The History of Disney's Ducktales is so Much Bigger Than Most Realize

While most fans of Disney's DuckTales know its setting and the characters from watching the animated series, the hit show actually got its start in comics. Carl Barks, a comic and Disney legend, was responsible for what would eventually be one of the animation company's most popular animated shows. If it weren't for Disney Comics in the 1940s and 1950s, the show would never have existed in its first or most recent iterations.

DuckTales released in 1987. It was recently rebooted in 2017, leading to the announcement of a reboot called Darkwing Duck—another show that was part of the Disney Afternoon tv block. The series predominantly featured the adventures of Scrooge McDuck and his nephews Donald Duck, Huey, Dewey, and Louie. Unlike their uncle Donald, the triplets—as well as Scrooge—all debuted in comics before being featured in animated shorts and features.


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Carl Barks was an Eisner Awards Hall of Fame cartoonist who was well known for his work on Disney comics involving Scrooge McDuck and Donald Duck. He was a story director for many animated shorts involving Donald. He was also responsible for the creation of Huey, Dewey, and Louie, who debuted in 1937 within the Donald Duck newspaper strip. His extensive work on Disney comics did not simply involve providing popular characters with new adventures in familiar settings. In fact, he created Duckburg in 1944, the world that DuckTales would eventually be set in and created many of its citizens who would go on to star in the show—including Scrooge McDuck's nemeses named Magica De Spell and Flintheart Glomgold.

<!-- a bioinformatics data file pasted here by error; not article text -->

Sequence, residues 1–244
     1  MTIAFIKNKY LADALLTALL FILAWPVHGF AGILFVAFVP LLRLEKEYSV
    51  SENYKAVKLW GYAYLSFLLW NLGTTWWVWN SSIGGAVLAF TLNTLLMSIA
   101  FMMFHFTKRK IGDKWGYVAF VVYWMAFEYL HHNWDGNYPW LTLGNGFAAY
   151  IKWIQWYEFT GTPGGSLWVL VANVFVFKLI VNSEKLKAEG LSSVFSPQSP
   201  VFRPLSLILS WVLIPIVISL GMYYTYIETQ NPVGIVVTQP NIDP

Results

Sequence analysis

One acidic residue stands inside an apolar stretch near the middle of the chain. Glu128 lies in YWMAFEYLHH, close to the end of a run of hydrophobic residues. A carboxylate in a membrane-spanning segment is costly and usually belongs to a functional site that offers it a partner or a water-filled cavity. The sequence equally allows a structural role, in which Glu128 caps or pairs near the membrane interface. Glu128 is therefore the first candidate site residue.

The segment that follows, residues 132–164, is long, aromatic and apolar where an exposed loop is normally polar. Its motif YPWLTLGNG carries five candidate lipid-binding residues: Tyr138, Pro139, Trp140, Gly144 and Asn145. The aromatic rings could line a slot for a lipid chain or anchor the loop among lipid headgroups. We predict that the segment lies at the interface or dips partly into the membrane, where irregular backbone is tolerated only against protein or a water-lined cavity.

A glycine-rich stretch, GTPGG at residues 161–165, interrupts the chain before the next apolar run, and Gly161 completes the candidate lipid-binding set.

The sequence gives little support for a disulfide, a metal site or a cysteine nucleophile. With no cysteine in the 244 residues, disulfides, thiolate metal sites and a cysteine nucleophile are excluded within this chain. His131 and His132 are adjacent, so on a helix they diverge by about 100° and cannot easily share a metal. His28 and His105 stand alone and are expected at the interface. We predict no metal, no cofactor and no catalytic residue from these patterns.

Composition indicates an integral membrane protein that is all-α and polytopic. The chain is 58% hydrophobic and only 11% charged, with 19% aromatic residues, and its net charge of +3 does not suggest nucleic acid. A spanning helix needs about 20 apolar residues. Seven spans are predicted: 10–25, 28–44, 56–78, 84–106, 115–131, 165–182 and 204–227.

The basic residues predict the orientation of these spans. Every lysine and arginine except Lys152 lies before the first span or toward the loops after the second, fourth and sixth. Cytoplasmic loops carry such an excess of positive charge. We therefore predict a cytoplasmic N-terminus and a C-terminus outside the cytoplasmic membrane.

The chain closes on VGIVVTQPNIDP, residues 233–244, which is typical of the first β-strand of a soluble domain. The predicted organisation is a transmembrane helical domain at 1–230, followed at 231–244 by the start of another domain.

The 1940s were a peak time for Disney comics, especially where ducks were concerned. Many of the prominent citizens of Duckburg debuted during this time, including Gyro Gearloose, Flintheart Glomgold, Gladstone Gander, and the Beagle Boys. Scrooge McDuck's wealth and ownership of the city were also established at this time within the comics. However, this creative endeavor extended well into the 1950s and beyond. These comic adventures extended their influence beyond the page, as well as beyond DuckTales, considering Indiana Jones: Raiders of the Lost Ark was inspired by the Uncle Scrooge Comics #7 (1954) story "The Seven Cities of Cibola." Scrooge McDuck thrived in comics for twenty years before debuting in animated form. Despite the wait, he is still easily recognizable by fans who have never touched a Disney comic—thanks to the distinctive and unique characterization that Carl Barks' comic work established.

These Disney characters' comic adventures also have far more accolades than even big fans of the animated series may realize. The Life and Times of Scrooge McDuck—released between 1992 and 1994—won an Eisner Award. It had the creative team of Don Rosa and Todd Klein. These stories collected the history of Scrooge and his family, from Clan McDuck to Scrooge's Number One Dime. Rosa regularly based his work on the foundation created by Barks, maintaining a coherent world within the Scrooge and Donald comics over many decades. Carl Barks was also credited as a writer for a few episodes of DuckTales since the stories were adapted from comics he'd written. Were it not for these comics and the long-time work of two dedicated cartoonists, both Disney's DuckTales and hit shows like Darkwing Duck would have never existed.